"Don Mies (NIM)" <dmies(at)networksinmotion(dot)com> writes:
> What I'm trying to accomplish is to truncate some input strings if they
> are larger than the defined column in our database.
This cannot work because the value gets put into the tuple --- and hence
cast to the defined column type --- before the trigger can ever fire.
If you wanted to define the column as just "text", and put 100% reliance
on the trigger to enforce the length limit, then it would work.
> 3. Since the columns that I need to do this to are all somewhat
> controlled (i.e. They will never be extremely large, I just don't know
> exactly how large.) would it be reasonable to just redefine them as
> "varchar" or "text" with no upper limit?
Probably. I think the standard's focus on "varchar(N)" is a hangover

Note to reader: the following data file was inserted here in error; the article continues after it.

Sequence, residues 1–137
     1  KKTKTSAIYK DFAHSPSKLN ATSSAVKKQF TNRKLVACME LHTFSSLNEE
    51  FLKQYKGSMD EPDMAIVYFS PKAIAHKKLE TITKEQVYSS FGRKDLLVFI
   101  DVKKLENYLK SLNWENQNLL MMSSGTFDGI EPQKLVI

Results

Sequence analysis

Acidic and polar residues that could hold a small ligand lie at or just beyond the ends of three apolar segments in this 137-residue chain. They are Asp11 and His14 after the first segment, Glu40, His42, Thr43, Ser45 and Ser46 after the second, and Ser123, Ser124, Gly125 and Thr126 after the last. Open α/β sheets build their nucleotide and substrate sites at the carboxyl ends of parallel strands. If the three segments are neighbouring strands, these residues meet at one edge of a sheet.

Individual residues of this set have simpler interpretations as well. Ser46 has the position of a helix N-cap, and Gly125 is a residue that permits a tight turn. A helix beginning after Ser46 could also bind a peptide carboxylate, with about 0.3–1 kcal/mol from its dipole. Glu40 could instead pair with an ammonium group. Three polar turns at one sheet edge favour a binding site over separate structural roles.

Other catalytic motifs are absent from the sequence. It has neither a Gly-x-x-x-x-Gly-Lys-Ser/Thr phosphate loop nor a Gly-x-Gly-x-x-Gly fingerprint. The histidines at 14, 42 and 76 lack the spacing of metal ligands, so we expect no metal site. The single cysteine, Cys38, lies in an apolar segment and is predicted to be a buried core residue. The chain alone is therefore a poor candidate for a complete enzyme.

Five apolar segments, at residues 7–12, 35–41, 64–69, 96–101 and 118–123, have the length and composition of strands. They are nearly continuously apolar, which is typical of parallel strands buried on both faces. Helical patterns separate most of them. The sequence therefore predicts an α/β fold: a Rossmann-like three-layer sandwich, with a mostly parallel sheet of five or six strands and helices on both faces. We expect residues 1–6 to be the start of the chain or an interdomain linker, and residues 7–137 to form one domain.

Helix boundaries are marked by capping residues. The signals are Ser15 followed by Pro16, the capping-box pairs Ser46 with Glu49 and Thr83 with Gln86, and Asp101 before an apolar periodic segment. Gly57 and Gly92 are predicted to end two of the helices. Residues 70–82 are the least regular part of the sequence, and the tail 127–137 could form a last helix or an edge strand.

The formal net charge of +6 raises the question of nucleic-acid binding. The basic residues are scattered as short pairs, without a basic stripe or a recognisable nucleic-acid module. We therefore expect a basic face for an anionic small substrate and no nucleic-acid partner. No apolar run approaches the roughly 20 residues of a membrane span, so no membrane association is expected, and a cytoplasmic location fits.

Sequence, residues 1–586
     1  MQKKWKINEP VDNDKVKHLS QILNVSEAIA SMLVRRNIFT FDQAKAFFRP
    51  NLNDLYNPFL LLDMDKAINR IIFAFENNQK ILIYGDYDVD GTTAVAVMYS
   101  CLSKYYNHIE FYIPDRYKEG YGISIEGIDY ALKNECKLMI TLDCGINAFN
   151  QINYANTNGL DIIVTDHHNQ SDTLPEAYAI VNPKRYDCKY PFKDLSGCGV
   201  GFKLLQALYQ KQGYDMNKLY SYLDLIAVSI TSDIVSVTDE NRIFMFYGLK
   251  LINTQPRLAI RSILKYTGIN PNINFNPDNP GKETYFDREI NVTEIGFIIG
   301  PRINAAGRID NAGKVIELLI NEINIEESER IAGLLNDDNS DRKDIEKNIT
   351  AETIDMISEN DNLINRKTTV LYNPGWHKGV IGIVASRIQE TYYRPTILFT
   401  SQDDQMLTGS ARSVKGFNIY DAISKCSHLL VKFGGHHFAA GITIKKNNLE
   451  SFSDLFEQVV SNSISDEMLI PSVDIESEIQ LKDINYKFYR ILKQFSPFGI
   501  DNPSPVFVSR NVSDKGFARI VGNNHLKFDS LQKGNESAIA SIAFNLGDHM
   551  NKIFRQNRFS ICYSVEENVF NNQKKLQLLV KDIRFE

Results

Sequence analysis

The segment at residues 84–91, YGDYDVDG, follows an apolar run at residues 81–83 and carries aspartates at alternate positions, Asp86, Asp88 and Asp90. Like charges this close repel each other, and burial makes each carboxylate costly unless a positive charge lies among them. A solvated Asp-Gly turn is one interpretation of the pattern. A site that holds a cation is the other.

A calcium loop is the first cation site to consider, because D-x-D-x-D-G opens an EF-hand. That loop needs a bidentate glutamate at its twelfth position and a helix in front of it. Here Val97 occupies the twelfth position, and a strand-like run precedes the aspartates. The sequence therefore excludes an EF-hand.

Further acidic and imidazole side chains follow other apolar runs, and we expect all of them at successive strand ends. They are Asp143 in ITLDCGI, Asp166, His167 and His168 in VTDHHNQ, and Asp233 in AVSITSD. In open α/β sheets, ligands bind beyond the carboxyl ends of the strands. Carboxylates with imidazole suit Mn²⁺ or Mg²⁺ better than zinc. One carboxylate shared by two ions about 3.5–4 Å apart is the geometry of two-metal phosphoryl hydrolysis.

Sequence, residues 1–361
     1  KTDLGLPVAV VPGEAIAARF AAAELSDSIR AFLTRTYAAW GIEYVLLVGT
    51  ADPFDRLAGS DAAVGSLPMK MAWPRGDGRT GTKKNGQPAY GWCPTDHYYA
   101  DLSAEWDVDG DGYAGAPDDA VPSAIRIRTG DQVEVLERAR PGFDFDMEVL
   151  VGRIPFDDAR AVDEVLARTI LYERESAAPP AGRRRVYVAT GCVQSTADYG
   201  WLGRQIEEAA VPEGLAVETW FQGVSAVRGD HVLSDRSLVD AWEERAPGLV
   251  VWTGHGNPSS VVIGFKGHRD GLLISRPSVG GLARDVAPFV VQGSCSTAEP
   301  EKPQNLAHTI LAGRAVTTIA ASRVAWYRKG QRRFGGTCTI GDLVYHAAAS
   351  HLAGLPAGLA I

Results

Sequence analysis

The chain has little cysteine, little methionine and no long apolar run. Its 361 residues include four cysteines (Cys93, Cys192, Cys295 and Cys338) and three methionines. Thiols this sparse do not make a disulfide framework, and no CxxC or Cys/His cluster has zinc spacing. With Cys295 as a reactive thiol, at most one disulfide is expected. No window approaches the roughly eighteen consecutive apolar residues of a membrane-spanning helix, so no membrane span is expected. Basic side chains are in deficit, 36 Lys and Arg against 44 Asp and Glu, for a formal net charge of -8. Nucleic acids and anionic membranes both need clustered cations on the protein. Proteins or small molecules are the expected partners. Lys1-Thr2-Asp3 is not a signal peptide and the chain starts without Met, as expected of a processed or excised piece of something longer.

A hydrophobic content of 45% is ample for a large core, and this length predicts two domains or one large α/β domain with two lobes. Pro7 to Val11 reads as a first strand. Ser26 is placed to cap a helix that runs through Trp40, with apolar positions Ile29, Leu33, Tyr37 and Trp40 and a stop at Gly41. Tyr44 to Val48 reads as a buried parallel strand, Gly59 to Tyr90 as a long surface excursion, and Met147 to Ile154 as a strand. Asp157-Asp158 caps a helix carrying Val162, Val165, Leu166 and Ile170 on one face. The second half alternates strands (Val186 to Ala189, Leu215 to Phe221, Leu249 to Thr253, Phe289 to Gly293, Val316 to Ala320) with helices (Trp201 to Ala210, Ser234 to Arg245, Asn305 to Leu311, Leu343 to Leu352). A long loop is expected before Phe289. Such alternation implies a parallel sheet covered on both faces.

from the days of 80-column punched cards. In almost every modern-day
app, whatever value they're using for N is just picked out of the air
and has no business-logic justification whatsoever. Unless you can
point to a concrete application-driven reason why you need a limit of
exactly N, I think you should be using text.
> 4. If I could make the above code work, it would be highly
> desireable to write only 1 function that could be called from multiple
Not going to happen in plpgsql --- it has no real support for
run-time-determined column names. You could make it work in one of the
other PLs. I still question the need for it at all, though.
regards, tom lane
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